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Gravity barrier?

  1. Jul 20, 2006 #1
    gravity barrier??

    Hello all.....first post
    I have a question about a "gravity barrier" that exists.

    I was in a discussion about the space shuttle launch that took place a few weeks ago and somehow we got on the subject of a gravitational barrier. Meaning the shuttle had to break at 4000 mph for it to have enough velocity to carry itself into space....kinda like a slingshot.

    Is this true....can someone explain a bit more in detail??

    Sorry....I'm a tard when it comes to physics....:biggrin:
  2. jcsd
  3. Jul 20, 2006 #2
    for example....

    I would think the opposite...
    If something is falling at a certain speed in which gravity makes it fall, such as a roller coaster, breaking the barrier would require propulsion of some sort to push it past the point in which gravity makes it move.

    Am I on the right track?
    Last edited: Jul 20, 2006
  4. Jul 20, 2006 #3


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    Look up something known as the 'escape velocity'.


    This is valid under the most simplest condition without including other external factors such as air resistance and earth's rotation.

  5. Jul 20, 2006 #4
    so basically.....what I get out of this is;
    escape velocity - says that kinetic energy is equal to gravitational potential energy...without any other factors such as wind resistance?

    In this case, the object does have resistance.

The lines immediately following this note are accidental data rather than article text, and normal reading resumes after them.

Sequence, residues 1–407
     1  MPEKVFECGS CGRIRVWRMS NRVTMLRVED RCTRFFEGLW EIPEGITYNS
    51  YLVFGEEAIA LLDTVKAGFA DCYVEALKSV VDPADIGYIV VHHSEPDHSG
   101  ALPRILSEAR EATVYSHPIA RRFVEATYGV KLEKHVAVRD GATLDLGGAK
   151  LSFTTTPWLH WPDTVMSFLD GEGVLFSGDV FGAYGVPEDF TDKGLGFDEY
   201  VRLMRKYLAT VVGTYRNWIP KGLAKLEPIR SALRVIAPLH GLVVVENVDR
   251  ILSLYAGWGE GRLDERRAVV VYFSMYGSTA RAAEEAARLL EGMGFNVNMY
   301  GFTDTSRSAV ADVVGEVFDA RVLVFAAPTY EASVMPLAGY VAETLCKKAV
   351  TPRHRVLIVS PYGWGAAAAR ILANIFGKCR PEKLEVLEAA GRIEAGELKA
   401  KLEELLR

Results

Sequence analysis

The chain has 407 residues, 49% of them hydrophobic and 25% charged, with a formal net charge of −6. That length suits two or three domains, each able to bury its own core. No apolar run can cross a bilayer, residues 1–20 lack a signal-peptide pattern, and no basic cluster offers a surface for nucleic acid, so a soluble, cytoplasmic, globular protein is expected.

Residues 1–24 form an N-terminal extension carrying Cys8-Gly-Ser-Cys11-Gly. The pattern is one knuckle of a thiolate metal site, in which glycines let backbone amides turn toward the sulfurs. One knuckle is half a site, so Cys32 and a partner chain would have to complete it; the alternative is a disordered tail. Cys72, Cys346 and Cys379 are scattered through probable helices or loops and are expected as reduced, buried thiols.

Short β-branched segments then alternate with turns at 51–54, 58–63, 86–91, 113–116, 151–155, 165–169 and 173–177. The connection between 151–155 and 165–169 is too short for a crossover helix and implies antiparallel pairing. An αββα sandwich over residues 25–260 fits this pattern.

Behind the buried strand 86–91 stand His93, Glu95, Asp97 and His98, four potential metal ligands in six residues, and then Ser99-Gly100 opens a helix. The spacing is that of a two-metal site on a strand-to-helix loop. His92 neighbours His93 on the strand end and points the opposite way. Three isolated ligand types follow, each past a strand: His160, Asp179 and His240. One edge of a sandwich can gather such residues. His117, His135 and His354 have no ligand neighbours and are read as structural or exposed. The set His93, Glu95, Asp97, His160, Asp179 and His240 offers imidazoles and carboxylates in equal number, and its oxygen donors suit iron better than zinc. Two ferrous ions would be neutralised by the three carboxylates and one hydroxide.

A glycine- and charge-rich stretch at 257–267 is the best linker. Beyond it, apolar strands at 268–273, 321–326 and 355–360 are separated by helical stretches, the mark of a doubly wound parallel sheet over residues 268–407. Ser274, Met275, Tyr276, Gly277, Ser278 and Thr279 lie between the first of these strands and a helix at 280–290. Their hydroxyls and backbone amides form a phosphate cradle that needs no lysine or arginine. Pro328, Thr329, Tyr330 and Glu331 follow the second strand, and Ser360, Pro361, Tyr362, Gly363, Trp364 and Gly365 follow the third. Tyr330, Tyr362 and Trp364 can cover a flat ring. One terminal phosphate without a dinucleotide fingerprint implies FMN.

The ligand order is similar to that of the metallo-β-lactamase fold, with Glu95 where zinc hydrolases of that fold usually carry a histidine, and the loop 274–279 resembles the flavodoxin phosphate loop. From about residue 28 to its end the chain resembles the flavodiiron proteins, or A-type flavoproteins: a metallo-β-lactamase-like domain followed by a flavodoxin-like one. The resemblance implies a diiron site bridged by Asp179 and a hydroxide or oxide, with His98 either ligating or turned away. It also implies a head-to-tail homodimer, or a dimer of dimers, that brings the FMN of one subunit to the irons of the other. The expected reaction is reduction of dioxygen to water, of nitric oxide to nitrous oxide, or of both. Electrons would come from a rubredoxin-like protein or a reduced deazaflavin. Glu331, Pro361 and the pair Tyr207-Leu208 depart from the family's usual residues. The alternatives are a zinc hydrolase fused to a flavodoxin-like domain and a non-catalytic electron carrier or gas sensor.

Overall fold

Does the gravity barrier idea even apply?
  6. Jul 20, 2006 #5


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    Think about it. This is the minimum velocity needed to escape without any other factors. So if you add air resistance, do you think you would need a larger or smaller escape velocity?

  7. Jul 20, 2006 #6


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    The space shuttle needs a certain velocity to reach orbit. That's the real point.

    I think the idea of a "gravity barrier" is simply some popularists misguided idea to make the idea that the space shuttle needs a certain velocity to reach orbit "simpler". Don't take it too literally, or your brain will turn to sludge :-).
  8. Jul 20, 2006 #7
    I see your point....

    I had never heard of this sort of thing...that is why I thought to ask the experts in the field. As far as my brain turning to mush over this....too late.

    I like this forum....hope you don't mind if I drop by every now and then to ask dumb questions.:tongue:

    Thanks again,
  9. Jul 21, 2006 #8
    Air resistance wouldnt require a larger escape velocity, but it does require more power to reach it.
  10. Jul 21, 2006 #9


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    Look up the definition of escape velocity, I'm sure the word 'unpowered' (or something similar) appears in there at some point :wink:. The original question is kind of moot anyway since the escape velocity only consider the force exerted by the field.
    Last edited: Jul 21, 2006
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